A Teacher in a Strange Land
Alright, not a strange land. It’s just Berkeley.
Let me back up.
I am currently about halfway through a teaching gig at Pacific School of Religion thanks to the intrepid work of the Hispanic Summer Program. For two weeks, I am helping a group of students find their way through the exciting but complex questions that emerge when racial and ethnic identities meet the vibrant stories of Scripture.
It is one of my favorite classes to teach, though it never seems as if I teach the same course twice.
More than any other course I teach, the makeup of the students seems to make all the difference in the tone and pace of the class. When I have taught this class with primarily Caucasian students, the conversation about identity took up a great deal of time early in the semester because students from majority cultures have generally not had to think daily about the performance of their ethnic identities. Their identities simply are, and the surrounding culture supports them. Performing their identities is as effortless as taking a breath, so the discussion about the construction of ethnic identities is eye-opening for many of them. Those first few weeks of class are trying as students stretch their imaginations.
A few summers ago, I taught to a classroom almost entirely made up of Latina/o students for whom the conversation about the basics of identity did not last long. They already understood too well the rigors of performing an ethnic identity in a culture that does not support it at every turn. I didn’t really have to explain identity, its construction, benefits, and many burdens. They got it. Instead, it was the diversity of Latina/o experiences that took them aback, especially the ways in which Latina/o cultures continue to participate and perpetuate in forms of racism and sexism that are no less problematic than those practiced by dominant cultures.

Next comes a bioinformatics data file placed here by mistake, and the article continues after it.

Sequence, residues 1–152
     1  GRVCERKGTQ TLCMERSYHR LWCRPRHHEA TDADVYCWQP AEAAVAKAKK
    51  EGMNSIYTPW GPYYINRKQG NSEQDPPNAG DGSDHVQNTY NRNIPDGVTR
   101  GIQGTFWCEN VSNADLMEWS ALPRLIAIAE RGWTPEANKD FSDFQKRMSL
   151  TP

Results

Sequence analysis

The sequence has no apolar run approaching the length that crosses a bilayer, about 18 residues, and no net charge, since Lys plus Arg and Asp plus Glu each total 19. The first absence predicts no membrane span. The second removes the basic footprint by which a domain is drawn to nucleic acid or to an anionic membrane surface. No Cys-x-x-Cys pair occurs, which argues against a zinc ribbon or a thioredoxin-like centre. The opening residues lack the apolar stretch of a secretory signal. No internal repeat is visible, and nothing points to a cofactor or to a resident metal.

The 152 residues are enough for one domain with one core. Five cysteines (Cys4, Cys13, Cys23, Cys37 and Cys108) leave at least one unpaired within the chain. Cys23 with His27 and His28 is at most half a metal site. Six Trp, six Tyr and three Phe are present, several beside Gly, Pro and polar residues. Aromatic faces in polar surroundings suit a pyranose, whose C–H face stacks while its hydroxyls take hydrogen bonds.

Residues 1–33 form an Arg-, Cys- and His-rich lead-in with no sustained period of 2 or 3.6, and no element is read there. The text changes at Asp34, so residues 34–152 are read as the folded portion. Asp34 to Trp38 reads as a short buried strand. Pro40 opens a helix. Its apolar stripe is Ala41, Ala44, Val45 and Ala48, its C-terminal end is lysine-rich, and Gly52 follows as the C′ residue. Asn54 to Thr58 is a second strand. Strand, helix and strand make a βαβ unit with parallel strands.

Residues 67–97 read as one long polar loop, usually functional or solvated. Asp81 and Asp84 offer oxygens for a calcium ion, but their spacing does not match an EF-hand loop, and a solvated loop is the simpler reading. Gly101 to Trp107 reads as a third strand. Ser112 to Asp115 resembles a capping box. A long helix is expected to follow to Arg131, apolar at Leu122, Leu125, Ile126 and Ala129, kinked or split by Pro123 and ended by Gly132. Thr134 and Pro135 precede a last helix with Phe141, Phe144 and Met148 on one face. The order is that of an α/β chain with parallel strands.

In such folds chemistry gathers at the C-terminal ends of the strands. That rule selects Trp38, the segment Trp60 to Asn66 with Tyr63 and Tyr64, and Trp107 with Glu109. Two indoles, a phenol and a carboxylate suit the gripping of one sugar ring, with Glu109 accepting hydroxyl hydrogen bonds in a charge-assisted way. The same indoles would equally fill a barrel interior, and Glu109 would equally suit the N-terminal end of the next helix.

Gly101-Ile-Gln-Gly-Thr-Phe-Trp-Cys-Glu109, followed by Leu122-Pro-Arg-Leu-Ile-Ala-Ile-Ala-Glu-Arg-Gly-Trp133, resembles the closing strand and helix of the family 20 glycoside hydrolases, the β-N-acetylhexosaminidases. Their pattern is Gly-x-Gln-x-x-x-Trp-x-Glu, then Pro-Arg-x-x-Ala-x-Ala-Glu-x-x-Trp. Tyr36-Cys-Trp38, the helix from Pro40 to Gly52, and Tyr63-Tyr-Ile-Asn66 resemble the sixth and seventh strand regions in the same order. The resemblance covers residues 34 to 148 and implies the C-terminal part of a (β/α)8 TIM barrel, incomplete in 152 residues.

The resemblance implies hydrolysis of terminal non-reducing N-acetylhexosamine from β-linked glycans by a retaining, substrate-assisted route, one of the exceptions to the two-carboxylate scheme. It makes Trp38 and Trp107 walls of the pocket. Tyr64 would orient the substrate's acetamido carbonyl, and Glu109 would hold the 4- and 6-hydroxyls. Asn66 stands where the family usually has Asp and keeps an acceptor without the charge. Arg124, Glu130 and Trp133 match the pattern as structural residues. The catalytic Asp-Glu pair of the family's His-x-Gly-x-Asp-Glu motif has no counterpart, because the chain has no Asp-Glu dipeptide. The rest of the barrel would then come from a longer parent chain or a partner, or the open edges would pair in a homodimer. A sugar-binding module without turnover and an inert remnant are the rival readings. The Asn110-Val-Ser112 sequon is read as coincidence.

These last two weeks, I have been teaching students on a campus I did not know at all. I didn’t know what to expect about their questions or about ministry. In this particular class, it was the intersection of ethnicity, gender, and sexuality that most drew their attention, concern, and inquiry.
I have been struck by the particularities and similarities among all these students. The classes had distinctive sticking points, different topics or ideas that would grind the class to a halt. But in every case, central questions emerged in common: What will the construction of identity look like in the future? What will ministry among growing diversity require of pastoral leaders?
One of the more important teaching points of the course is that biblical interpreters must be contextualized as much as we contextualize ancient culture. I think there is an analogous lesson for teachers here.
We often think about the contexts of our students: What are their assumptions? How can such assumptions be tested? What will their future vocations demand, and how can teachers prepare them to address the changing contexts in which they will work?
But we teachers ought also test our own assumptions, be prepared to be delighted and surprised by those disorienting moments when our classes go off the rails. Teaching this particular course in three very different contexts has shown this to me in sharp relief. How might we invite that kind of pedagogical disorientation even as we take the same walk from our offices to the same classroom every semester? How can we best notice the changes in our students and thus the needed changes our teaching needs to make?